The DGP model is given by the action
The equations of motion read  calculated on the brane and is the energy-momentum tensor of localized matter. Since , the continuity equation follows from Eq. (13.48). The length scale is defined by
If we consider the flat FLRW brane (), we obtain the modified Friedmann equation [201, 203]
In the DGP model the modification of gravity comes from a scalar-field degree of freedom, usually called , which is identified as a brane bending mode in the bulk. Then one may wonder if such a field mediates a fifth force incompatible with local gravity constraints. However, this is not the case, as the Vainshtein mechanism is at work in the DGP model for the length scale smaller than the Vainshtein radius , where is the Schwarzschild radius of a source. The model can evade solar system constraints at least under some range of conditions on the energy-momentum tensor [204, 285, 496]. The Vainshtein mechanism in the DGP model originates from a non-linear self-interaction of the scalar-field degree of freedom.
Although the DGP model is appealing and elegant, it is also plagued by some problems. The first one is that, although the model does not possess ghosts on asymptotically flat manifolds, at the quantum level, it does have the problem of strong coupling for typical distances smaller than 1000 km, so that the theory is not easily under control . Besides the model typically possesses superluminal modes. This may not directly violate causality, but it implies a non-trivial non-Lorentzian UV completion of the theory . Also, on scales relevant for structure formation (between cluster scales and the Hubble radius), a quasi-static approximation to linear cosmological perturbations shows that the DGP model contains a ghost mode . This linear analysis is valid as long as the Vainshtein radius is smaller than the cluster scales.
The original DGP model has been tested by using a number of observational data at the background level [525, 238, 405, 9, 549]. The joint constraints from the data of SN Ia, BAO, and the CMB shift parameter show that the flat DGP model is under strong observational pressure, while the open DGP model gives a slightly better fit [405, 549]. Xia  showed that the parameter in the modified Friedmann equation  is constrained to be (68% confidence level) by using the data of SN Ia, BAO, CMB, gamma ray bursts, and the linear growth factor of matter perturbations. Hence the flat DGP model () is not compatible with current observations.
On the sub-horizon scales larger than the Vainshtein radius, the equation for linear matter perturbations in the DGP model was derived in [400, 369] under a quasi-static approximation:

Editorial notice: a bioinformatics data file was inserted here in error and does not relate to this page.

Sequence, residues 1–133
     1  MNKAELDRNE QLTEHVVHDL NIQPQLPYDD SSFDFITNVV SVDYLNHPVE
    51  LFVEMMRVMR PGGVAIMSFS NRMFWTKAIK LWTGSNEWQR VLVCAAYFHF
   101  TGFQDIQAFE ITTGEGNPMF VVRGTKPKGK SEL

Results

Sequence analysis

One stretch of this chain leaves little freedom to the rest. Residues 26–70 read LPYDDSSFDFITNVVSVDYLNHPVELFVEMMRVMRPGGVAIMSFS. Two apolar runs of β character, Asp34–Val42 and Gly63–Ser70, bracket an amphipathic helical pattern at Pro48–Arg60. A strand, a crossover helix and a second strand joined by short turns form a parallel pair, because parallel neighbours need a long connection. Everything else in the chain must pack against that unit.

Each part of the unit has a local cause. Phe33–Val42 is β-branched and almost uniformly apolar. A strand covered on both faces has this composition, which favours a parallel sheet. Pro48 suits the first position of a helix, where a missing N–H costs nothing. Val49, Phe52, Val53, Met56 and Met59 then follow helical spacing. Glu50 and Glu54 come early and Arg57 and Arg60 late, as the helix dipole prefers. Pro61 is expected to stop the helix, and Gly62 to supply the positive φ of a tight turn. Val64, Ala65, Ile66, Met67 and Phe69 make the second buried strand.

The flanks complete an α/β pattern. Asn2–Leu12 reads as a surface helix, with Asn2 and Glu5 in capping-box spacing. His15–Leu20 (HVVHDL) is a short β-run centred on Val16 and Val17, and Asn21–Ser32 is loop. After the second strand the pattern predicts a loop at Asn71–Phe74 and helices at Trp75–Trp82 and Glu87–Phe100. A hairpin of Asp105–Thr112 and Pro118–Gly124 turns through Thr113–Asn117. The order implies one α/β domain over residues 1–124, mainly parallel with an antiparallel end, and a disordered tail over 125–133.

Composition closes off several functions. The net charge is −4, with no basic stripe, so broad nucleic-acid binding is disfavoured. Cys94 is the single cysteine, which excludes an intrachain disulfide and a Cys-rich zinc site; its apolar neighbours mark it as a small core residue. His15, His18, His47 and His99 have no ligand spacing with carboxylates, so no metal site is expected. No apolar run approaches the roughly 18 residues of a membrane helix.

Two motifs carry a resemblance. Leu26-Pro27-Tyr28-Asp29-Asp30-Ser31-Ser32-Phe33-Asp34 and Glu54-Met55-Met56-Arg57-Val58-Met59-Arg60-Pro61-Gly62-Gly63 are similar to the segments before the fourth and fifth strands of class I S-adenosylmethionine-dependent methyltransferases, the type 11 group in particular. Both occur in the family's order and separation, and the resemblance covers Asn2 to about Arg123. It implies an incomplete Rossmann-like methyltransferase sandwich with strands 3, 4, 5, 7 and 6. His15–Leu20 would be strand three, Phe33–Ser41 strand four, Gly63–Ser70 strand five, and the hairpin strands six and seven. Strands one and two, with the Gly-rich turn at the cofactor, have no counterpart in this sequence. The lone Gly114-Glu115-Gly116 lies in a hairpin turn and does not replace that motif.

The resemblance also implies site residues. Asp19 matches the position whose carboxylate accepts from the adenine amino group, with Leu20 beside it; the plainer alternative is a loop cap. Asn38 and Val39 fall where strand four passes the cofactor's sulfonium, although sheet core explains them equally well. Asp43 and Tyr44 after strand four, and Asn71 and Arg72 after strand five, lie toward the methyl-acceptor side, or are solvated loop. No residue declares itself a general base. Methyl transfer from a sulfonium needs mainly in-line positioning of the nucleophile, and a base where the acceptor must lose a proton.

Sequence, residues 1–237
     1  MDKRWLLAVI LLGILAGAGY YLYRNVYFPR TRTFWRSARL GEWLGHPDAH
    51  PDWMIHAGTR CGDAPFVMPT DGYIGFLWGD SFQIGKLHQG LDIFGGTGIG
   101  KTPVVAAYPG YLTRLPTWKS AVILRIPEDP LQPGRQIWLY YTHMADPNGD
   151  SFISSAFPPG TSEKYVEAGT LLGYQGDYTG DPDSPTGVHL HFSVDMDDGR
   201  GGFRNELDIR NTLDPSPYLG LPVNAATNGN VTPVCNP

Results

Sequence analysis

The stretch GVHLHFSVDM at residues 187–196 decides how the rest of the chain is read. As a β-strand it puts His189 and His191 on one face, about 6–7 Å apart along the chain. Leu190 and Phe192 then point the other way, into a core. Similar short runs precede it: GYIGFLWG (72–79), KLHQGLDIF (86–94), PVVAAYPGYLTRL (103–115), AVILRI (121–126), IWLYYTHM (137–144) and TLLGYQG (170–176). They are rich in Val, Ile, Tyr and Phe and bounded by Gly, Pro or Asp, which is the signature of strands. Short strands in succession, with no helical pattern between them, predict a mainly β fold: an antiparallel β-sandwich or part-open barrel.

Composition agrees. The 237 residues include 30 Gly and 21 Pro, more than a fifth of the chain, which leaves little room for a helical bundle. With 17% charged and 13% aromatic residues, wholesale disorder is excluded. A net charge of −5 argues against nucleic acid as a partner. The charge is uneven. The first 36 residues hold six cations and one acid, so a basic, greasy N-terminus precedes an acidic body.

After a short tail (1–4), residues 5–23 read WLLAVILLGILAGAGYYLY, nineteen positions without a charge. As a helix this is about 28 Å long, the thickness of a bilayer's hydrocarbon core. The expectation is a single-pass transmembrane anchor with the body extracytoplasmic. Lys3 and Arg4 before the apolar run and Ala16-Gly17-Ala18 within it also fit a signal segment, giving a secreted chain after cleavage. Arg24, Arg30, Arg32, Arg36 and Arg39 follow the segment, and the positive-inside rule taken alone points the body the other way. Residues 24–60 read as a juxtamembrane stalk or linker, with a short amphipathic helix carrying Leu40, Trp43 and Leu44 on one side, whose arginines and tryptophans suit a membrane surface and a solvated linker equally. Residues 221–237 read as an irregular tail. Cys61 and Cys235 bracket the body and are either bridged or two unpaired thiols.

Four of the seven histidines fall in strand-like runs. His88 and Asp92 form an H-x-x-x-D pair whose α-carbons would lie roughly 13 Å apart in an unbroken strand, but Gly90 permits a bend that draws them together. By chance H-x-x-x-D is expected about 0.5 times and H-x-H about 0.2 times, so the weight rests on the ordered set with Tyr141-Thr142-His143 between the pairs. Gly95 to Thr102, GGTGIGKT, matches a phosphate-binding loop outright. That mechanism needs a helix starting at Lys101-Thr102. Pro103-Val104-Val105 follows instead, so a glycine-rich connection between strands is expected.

The index of the growth rate is approximated by . This is quite different from the value for the CDM model. If the future imaging survey of galaxies can constrain within 20%, it will be possible to distinguish the CDM model from the DGP model observationally . We recall that in metric f (R) gravity the growth index today can be as small as because of the enhanced growth rate, which is very different from the value in the DGP model.
Comparing Eq. (13.53) with the effective gravitational constant (10.42) in BD theory with a massless limit (or the absence of the field potential), we find that the parameter has the following relation with :. There is a claim that the ghost may disappear for the Vainshtein radius of the order of , because the linear perturbation theory is no longer applicable . In fact, a ghost does not appear in a Minkowski brane in the DGP model. In  it was shown that the Vainshtein radius in the early universe is much smaller than the one in the Minkowski background, while in the self accelerating universe they agree with each other. Hence the perturbative approach seems to be still possible for the weak gravity regime beyond the Vainshtein radius.
There have been studies regarding a possible regularization in order to avoid the ghost/strong coupling limit. Some of these studies have focused on smoothing out the delta profile of the Ricci scalar on the brane, by coupling the Ricci scalar to some other scalar field with a given profile [363, 362]. In  the authors included the brane and bulk cosmological constants in addition to the scalar curvature in the action for the brane and showed that the effective equation of state of dark energy can be smaller than . A monopole in seven dimensions generated by a SO(3) invariant matter Lagrangian is able to change the gravitational law at its core, leading to a lower dimensional gravitational law. This is a first approach to an explanation of trapping of gravitons, due to topological defects in classical field theory [508, 184]. Other studies have focused on re-using the delta function profile but in a higher-dimensional brane [334, 333, 197]. There is also an interesting work about the possibility of self-acceleration in the normal DGP branch [ in Eq. (13.50)] by considering an f (R) term on the brane action  (see also ). All these attempts indeed point to the direction that some mechanism, if not exactly DGP rather similar to it, may avoid a number of problems associated with the original DGP model.
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